To get that kind of towing capacity from the Expedition, you have to get a rear-wheel-drive model with the Heavy Duty Trailer Tow package. It adds a trailer brake controller, a heavy-duty radiator, an electronic limited-slip differential, and trailer backup assist. 

The Expedition continues to impress in other areas outside of towing capacity. The large SUV has seating for up to eight over three expansive rows of seating. If you need to carry everyone’s gear inside, the Expedition answers the call with up to 104.6 cubic feet of cargo space. 

Passengers enjoy a high-end cabin, which comes filled with premium materials. Standard features on the base Expedition include tri-zone automatic climate control, a Wi-Fi hot spot, an eight-way power spot, an eight driver’s seat, four USB ports, and a six-speaker audio system.

8. Dodge Durango

The Dodge Durango is a muscle car in a midsize SUV body. Not only does the Durango have a muscular car design, but the SUV also has potent power trains. If you’re interested in doing some serious towing, the top-ranging 6.4-liter V8 engine that makes 475 horsepower in the SRT trim is the one to get. 

With that engine, the Durango can tow up to 8,700 pounds, which is an excellent amount for midsize SUVs. Beyond towing, the available 6.4-liter V8 engine provides the Durango with incredible acceleration for a vehicle of its size, with a zero-to-60 mph time of 4.4 seconds. 

Like many other available midsize SUVs, the Durango offers spacious accommodations for up to seven people and has a maximum cargo capacity of 85.1 cubic feet. Where the Durango stands out from the competition is its user-friendly infotainment features. 

The sporty SRT trim also comes with Brembo performance brakes and high-performance adaptive damping suspension, making it one of the few high-performance midsize SUVs on the market.

9. 2020 Lincoln Aviator

The all-new 2020 Lincoln Aviator is a luxury vehicle. While few people will look at an Aviator and think it’s a competent towing vehicle, the luxury midsize SUV can towing up to 6,700 pounds when properly equipped. The impressive towing capacity comes from a twin-turbocharged 3.0-liter V6 engine that produces 400 horsepower. 

Since the Aviator is a pure luxury vehicle, it boasts a stylish and well-built cabin with incredibly comfortable seats. The comfy ride is also sublime. Standard features on the Aviator include a 10.1-inch touch screen, Apple CarPlay, a Wi-Fi hot spot, a 10-speaker audio system, four USB ports, a 5.8-inch second-row touch screen, and Android Auto.

Factors To Consider Before Buying Tow Vehicles For Travel Trailers

When traveling with a travel trailer, finding the best tow vehicle for your rig becomes essential. In fact, it can be difficult to find one that’s durable enough to hold up to the task of towing your trailer.

However, there are still some powerful options out there. This buying guide will help you choose the right one, as well as ensure that you inspect any potential purchase before making it.

1. Towing capacity

Any truck, car, or SUV capable of towing a travel trailer will have a maximum towing capacity you’ll need to know in order to figure out the best SUV to tow a camper.

It’s also important to note that travel trailers have an unloaded weight rating aka “dry weight rating” and a loaded weight rating aka “gross weight rating”.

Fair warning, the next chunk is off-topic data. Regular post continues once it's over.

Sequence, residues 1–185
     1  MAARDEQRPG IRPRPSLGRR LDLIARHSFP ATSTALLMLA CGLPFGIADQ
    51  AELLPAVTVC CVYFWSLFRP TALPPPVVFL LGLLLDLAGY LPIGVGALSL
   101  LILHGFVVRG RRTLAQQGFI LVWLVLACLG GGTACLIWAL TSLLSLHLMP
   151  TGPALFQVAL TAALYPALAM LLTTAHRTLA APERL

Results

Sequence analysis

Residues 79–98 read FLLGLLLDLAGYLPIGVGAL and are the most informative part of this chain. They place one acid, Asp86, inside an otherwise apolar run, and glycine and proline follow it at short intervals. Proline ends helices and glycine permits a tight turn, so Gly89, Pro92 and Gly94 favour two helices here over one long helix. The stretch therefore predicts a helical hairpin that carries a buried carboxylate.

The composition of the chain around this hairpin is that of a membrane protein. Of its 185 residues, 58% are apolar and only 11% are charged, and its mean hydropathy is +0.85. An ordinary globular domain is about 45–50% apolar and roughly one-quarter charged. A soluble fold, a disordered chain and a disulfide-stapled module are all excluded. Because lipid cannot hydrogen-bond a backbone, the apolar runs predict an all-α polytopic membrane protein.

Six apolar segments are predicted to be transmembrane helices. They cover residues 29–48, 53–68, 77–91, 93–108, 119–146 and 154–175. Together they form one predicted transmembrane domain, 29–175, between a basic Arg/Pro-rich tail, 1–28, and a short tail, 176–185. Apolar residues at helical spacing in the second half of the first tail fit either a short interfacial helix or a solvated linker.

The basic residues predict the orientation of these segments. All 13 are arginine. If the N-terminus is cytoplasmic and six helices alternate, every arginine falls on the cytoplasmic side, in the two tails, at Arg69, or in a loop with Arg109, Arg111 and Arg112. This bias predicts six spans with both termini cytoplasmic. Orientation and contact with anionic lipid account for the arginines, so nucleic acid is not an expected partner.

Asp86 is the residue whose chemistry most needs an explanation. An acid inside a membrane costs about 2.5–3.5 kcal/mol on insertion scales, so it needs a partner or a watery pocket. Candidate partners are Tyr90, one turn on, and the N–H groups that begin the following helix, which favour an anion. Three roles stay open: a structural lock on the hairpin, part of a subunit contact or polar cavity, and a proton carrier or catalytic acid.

Because you’ll almost always be towing a travel trailer with some weight added e.g. water, clothes, gear, etc. The best SUV to pull a travel trailer will be one that can easily handle the fully loaded weight rating of your trailer.

2. Payload rating

The payload rating is how much weight a vehicle can handle inside it.  The payload rating also includes any weight allowed on the SUV’s roof, such as a cargo box. The SUV will have a separate roof weight rating listed in your owner’s manual.

When considering the best SUV to tow your travel trailer, it’s also important to consider how much gear and how many people you might haul inside it/on it.

3. Four-Wheel Drive

You’ll also want to consider if you need four-wheel drive, or if two-wheel drive will suffice. Nearly all pickups are based on rear-wheel drive platforms, designed to move heavy loads.

Traditional four-wheel drive (often called 4×4 or 4WD) is a part-time system that you turn on with a rotary switch, button, or lever when you need it. You can also select a low-range setting for challenging off-road conditions.

Full-time four-wheel drive is more versatile and optional on some pickups. It kicks in as needed to enhance your traction, and your truck can run indefinitely in that mode without harming the drivetrain.

4. Gas vs. Diesel Trucks

Another consideration to find the best truck to tow a travel trailer is if you want a gas or diesel truck. The most significant difference is the type of fuel used. Gas engines use gas, and diesel engines use diesel. No surprises there. 

However, diesel engines generally tow heavier weights than gas engines. This isn’t always the case, but it is often true. If you want a large travel trailer, a diesel engine may provide the extra oomph needed to get from point A to point B.

5. Truck Beds

Here’s another truck decision you’ll need to make: long- or short-bed pickup? If you choose a short-bed pickup, it will be easier to drive and park when you’re not towing. Parking your trailer at the campground should be easier.

However, a shorter bed truck also means a shorter wheelbase (the space between the front and rear wheels). The longer the wheelbase of the truck, the better it will be at holding trailer sway steady when towing.

6. Trailer Brake Controller 

Most trucks with a towing option will also come with a trailer brake controller. This system applies the brakes to the camper when the driver uses the brakes on the truck. This allows both the camper and the truck to use their own brakes to slow down or stop safely.

7. Blind Spot Monitoring

This feature alerts the driver when another vehicle is in its blind spot. Most vehicles come with this feature standard, as part of a package of safety features. Now some trucks can also alert the driver when there is a vehicle in the blind spot of the camper.


Getting a vehicle for an entry-level travel trailer is a great option. Now that you know what the best trucks for towing a travel trailer are, take your pick. They build these trucks tough to handle the challenge.

Just be sure to get the exact specifications of your trim package and any add-ons before purchasing a travel trailer. This will ensure your truck is up to the task.

Leave a Comment